“But the economy is still more important than psychology: in Russia, we already have a capitalist economy, which makes the Russian language essential. But you have no faith in the power of the economy and want to prop it up with the crutches of the rotten police regime. Don’t you see that in this way you are crippling the economy and hindering its development?”
Lenin’s point is absolutely clear – the economy integrates, but social and political oppression divides. It is the Han Chinese who make it impossible to integrate Tibet in China.
The Chinese Communist Party has power, overwhelming power in Tibet, so a chauvinist orientation fits its role as a ruling class. That is not true of much of the left which, even if by silence, accepts the Chinese repression of Tibet. This is – as in the case of the opposition to the Russians in Afghanistan – because the old order in Tibet which the Tibetan nationalists wish to restore is “feudal”, so the Chinese are progressive “even if, comrades, we do not approve of their methods”.
Now the old regime was unequivocally monstrous, and it is not accidental that the leaders of the anti-Chinese movement are monks of that peculiarly awful religion, Lamaist Buddhism.
Yet the fact that the old society was hideously oppressive is no justification at all for the Chinese to copy it, even if in different ways. On the contrary, the backwardness of the Tibetans is the most powerful argument for more sensitive treatment, not less. That unbelievably stubborn and passionate devotion to religion and the fourteenth incarnation of the Dalai Lama means that the memory of the old order (or the fantasy) is the heart of a heartless world for Tibetans – and to repress is to seek to liquidate their very existence.
There can be no trust whatsoever between Tibetans and Chinese until Tibet has the right to secede and the right to establish that regime which constitutes “self-determination”.
Denying the right of Tibetans to secede is forcing them into the arms of the old order. There can be no reform or progress in the long struggle to overthrow the Lamaist order while Chinese domination continues. Peking’s violence is what keeps reaction in power in the hearts of Tibetans. So all the educational schemes in the world, all the progressive reforms, emancipation of women, due process of law rather than arbitrary aristocratic rule, all are turned into new forms of oppression without the initiative and wholehearted promotion by the Tibetans.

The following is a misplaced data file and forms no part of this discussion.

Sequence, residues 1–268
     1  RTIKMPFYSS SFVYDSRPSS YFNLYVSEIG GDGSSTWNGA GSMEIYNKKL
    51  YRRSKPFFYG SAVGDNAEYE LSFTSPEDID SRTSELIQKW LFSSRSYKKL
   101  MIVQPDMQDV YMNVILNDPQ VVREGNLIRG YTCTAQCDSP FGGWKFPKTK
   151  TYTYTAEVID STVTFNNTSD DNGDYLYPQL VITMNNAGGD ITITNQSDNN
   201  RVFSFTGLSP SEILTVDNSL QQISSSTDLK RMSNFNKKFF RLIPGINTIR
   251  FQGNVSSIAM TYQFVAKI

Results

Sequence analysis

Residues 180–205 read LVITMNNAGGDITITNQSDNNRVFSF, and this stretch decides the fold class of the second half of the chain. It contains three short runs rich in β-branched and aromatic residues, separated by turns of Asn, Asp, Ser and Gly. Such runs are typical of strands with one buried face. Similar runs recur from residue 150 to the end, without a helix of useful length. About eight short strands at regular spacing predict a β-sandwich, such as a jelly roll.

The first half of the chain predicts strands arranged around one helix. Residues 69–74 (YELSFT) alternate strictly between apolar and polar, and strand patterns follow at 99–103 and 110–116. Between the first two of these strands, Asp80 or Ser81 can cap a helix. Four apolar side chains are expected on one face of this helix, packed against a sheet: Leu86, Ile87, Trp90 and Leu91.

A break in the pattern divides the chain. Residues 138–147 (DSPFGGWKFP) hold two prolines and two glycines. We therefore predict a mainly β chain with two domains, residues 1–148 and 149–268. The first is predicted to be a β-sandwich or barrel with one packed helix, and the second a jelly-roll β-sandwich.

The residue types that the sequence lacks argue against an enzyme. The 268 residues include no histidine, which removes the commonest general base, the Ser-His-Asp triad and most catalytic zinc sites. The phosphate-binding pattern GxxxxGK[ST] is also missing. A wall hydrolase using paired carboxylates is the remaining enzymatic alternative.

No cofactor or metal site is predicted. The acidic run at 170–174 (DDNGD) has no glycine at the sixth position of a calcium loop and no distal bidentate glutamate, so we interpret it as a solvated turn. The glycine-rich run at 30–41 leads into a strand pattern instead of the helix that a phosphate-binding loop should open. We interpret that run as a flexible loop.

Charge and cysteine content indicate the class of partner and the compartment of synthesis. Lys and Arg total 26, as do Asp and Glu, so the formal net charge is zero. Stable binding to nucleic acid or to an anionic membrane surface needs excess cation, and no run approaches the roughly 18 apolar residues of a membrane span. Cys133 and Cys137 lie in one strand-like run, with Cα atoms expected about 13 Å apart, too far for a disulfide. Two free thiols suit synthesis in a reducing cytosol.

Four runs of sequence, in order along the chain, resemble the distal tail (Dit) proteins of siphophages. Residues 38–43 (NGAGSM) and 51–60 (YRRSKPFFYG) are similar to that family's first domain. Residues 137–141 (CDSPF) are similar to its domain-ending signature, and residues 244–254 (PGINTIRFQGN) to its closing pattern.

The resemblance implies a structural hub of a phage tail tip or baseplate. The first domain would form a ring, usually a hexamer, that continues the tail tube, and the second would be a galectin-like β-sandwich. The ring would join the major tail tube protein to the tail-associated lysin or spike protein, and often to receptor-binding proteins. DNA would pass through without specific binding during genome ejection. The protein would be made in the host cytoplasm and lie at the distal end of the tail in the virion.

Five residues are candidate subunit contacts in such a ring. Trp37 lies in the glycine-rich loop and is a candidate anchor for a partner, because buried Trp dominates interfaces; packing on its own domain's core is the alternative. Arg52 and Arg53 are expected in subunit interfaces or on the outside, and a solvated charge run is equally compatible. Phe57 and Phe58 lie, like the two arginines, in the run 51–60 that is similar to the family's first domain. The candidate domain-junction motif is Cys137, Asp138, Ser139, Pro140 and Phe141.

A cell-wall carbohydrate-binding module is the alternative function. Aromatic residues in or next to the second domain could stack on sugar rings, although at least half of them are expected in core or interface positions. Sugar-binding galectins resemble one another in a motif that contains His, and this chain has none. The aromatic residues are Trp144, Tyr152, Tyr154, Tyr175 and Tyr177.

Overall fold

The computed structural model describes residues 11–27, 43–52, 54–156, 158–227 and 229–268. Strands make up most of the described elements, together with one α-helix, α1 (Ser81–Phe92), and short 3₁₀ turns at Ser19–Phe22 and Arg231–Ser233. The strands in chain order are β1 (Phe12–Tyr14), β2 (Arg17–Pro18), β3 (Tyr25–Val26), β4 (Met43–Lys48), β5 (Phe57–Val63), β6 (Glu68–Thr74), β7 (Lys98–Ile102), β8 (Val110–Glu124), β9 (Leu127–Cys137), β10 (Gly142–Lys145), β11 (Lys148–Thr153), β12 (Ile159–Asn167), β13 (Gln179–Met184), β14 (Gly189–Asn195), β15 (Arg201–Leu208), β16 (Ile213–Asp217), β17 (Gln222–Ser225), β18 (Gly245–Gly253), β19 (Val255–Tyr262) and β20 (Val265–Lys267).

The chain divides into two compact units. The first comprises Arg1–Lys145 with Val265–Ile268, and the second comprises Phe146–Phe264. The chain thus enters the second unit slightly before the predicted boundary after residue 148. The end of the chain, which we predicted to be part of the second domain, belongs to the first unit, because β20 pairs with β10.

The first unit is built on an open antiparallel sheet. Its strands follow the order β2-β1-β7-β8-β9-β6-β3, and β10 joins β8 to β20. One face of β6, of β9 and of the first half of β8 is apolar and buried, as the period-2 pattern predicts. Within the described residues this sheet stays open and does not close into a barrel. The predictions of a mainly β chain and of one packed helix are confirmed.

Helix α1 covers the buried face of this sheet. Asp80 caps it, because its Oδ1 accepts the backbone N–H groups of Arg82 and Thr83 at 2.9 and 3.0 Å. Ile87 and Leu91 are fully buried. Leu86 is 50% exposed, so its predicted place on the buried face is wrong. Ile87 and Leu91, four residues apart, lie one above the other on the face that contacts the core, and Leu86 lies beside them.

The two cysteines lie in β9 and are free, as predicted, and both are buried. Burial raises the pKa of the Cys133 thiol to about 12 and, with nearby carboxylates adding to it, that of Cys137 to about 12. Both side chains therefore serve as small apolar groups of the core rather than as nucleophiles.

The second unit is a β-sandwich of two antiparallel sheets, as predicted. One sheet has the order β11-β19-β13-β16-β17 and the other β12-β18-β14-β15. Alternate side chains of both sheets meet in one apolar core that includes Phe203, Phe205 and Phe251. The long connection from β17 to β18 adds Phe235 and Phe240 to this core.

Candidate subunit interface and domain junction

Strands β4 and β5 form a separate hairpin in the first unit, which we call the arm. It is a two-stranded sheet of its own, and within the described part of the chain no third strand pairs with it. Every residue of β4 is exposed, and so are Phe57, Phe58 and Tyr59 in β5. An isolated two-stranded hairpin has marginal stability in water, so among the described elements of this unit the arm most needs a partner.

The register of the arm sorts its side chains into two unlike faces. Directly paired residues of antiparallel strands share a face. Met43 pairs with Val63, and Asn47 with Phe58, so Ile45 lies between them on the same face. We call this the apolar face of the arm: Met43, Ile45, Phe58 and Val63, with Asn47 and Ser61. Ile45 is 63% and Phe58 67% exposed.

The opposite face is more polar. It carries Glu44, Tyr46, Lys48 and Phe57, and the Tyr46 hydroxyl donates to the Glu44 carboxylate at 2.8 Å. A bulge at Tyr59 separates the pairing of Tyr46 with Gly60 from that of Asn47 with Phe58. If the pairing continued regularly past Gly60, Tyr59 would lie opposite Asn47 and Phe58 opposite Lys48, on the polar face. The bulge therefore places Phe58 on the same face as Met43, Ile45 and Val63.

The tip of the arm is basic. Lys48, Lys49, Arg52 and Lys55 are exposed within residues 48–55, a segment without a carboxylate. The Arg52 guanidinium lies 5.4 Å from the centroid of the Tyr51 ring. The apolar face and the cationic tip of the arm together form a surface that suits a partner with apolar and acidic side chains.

Meanwhile, the silence of Lhasa returns – broken only by the clatter of the 24 Sikorsky Blackhawk helicopters over the Dalai Lama’s old Potala palace. The Great Powers are embarrassed since they are busy wooing the new Saatchi and Saatchi People’s Republic. Of course, the secret agents of Moscow, Washington and Delhi will be seeking to make mischief in Lhasa, just to keep the options open, but ultimately no one cares very much. No struggles to secede from an existing country have succeeded in modern conditions without the support of an outside power, and even then it is rare.
The Tibetan case is not very promising. But the riots show, just for a brief moment, the real nature of the Chinese regime under its new liberal leadership. And they show it to the workers of Shanghai, since the exposure in the foreign press forced the Chinese television to give a full coverage – that is possibly its biggest likely effect.
Last updated: 10 April 2010